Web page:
There is a very good post on banned books at the ALA website. Progress in the form of some of the challenged books NOT being banned.
Click on the banner above to read more about it.
I have to add my own two cents worth here (inflation probably has it at $200 worth now)
My mom may not have always been the most maternal mom, she was a working divorcee in a time when that was NOT the norm and we were latchkey children way before the term was coined. But we never EVER were told by her what we could or couldn't read.
She was and is full of opinions about things and life has changed many of her opinions. For instance she use to have a phrase "those gays" and now that her son is out as one of "those gays" she has done a 180 = or is it 240? Anyway, she has changed her way of thinking on that subject which is a big thing for a woman born in 1937 in a Central American country to a very very religious, judgemental family. You must remember to consider the times, and Central America at that time was probably like the U.S in the 1800 (just making my own judgement with no facts here, just a feeling) Regardless of what she used to be like or think like - she never ever censored our reading.
My father - never the typical male of the 1960's or 70's was even more permissive when it came to movies and reading material. In fact, he made all of his reading materials available to us at an early age - even his playboy magazines were never off limits to us. Some may have thought it creepy, but if we wanted to look at pictures of naked ladies and read the articles and stories, we could. He never hid the magazines. We could just go use his bathroom, or take the mags from his bedside table. It just was there. When I was 13, in an attempt to act the rebellious shocking teen, I asked him to buy me a playgirl magazine. He didn't bat an eye, just bought it for me and never said a word about it. So I was able to see all kinds of pictures.
I do admit, there were some very interesting SciFi ish short stories in the Playboy magazines. The Playgirl magazine was a bit boring to me - not as much good fiction and frankly - other than the abs and muscles I found the dangly parts a bit boring to look at.
so much for my shocking rebellious attempts.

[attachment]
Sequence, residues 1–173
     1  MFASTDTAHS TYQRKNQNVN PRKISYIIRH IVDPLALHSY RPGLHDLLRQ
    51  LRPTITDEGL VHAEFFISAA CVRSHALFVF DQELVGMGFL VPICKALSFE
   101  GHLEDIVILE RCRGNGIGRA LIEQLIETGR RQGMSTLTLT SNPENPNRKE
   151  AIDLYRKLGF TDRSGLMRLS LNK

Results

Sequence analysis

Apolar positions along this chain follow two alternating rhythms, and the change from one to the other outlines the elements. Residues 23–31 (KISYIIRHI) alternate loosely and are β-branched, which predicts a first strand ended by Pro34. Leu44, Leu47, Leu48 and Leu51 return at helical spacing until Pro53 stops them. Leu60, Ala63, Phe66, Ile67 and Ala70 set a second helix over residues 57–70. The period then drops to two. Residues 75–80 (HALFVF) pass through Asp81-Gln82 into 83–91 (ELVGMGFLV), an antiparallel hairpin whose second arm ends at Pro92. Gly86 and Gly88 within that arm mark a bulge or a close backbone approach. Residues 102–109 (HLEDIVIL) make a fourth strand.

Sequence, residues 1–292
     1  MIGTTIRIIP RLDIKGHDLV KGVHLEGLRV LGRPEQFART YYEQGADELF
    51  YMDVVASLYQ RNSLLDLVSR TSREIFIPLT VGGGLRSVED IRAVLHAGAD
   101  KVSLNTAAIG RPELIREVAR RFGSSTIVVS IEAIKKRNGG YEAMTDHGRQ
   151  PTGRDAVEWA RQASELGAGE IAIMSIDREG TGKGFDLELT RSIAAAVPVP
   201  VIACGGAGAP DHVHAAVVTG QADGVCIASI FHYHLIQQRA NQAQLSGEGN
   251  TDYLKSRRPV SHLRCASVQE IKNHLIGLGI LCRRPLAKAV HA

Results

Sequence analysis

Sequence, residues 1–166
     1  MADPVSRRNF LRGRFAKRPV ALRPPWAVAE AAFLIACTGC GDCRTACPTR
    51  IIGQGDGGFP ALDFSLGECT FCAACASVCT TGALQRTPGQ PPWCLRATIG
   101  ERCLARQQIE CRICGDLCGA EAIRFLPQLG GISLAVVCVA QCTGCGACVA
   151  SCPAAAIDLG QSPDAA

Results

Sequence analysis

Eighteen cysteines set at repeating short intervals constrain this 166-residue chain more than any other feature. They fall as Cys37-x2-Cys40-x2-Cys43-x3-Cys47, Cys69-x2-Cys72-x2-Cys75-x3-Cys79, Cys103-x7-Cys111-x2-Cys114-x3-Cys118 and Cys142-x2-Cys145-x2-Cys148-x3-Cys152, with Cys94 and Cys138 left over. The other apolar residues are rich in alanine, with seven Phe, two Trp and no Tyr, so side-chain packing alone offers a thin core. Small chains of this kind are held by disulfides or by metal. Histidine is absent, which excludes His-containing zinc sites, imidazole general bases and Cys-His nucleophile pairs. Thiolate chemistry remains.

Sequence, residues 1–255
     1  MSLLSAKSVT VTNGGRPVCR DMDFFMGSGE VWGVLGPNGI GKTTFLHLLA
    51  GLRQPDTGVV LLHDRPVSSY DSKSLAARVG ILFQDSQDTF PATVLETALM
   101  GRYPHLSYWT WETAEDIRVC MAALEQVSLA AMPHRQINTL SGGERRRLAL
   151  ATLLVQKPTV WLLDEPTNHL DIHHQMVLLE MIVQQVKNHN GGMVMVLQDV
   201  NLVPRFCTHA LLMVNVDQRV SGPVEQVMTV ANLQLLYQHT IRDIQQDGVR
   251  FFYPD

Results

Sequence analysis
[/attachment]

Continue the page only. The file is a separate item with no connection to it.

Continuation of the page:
Besides the "dirty" magazines, there were many other books at his house to read. He was never a fiction fan (until recently) but his then wife read books by Harold Robbins, and there were many James Michener books around. I read them all by the time I was 12. I also read all the Nancy Drew books by the time I was 12. I actually never heard of the C.S.Lewis novels, or even Wind in the Willows until I was an adult volunteering in the library ??
At that time - other than the Sci Fi in the Playboy magazines, I didn't have a lot of exposure to fantasy or scifi.
Which makes me that more appreciative of what's out there now for teens, middle grade children and the younger reads. Of course, that includes all the urban fantasy and SciFi that is there for me to read.
So when I hear about other parents trying to make a big deal out of what other people's children are reading it just pisses me off.
No one else has that right other than their own parents.
I can't imagine my reading materials being controlled by other parents.
Maybe reading Playboys and Playgirls might not have been the best exposure (haha, pun!) but that was in addition to whatever else we wanted to read.
And I'm very appreciative that my then judgemental mother and my father each let us read WHATEVER interested us at the time.
Anything was game, and just knowing we were able to read the Playboys and Playgirls might have made us a bit less impressionable when others might have tried to get us to do something we shouldn't have.
I also never ever told my children what they could or couldn't read.
Whatever they want to read is fine -
Now I have grandchildren.
I hope their parents give them the same respect for reading choices that my parents gave me, and I gave my children.
All those other people trying to challenge and ban books -
GET A LIFE. Concentrate on your own selves - The world isn't going to go to hell because children are reading Huckleberry Finn or Harry Potter, or even a playgirl or playboy here and there.
I don't recommend letting children read them, but why act ashamed of bodies?
the main thing though - is to let children and teens get a well rounded sense of what's out there, feel some identity to characters and get some good reading experience into their brains.
Who knows who the next amazing writer will be?
Who knows how many have been stifled from their creativity because their parents or others don't want them "contaminated"?
There are way more dangerous things to worry about.
I'd rather see teens reading vampire books than running around with a gun.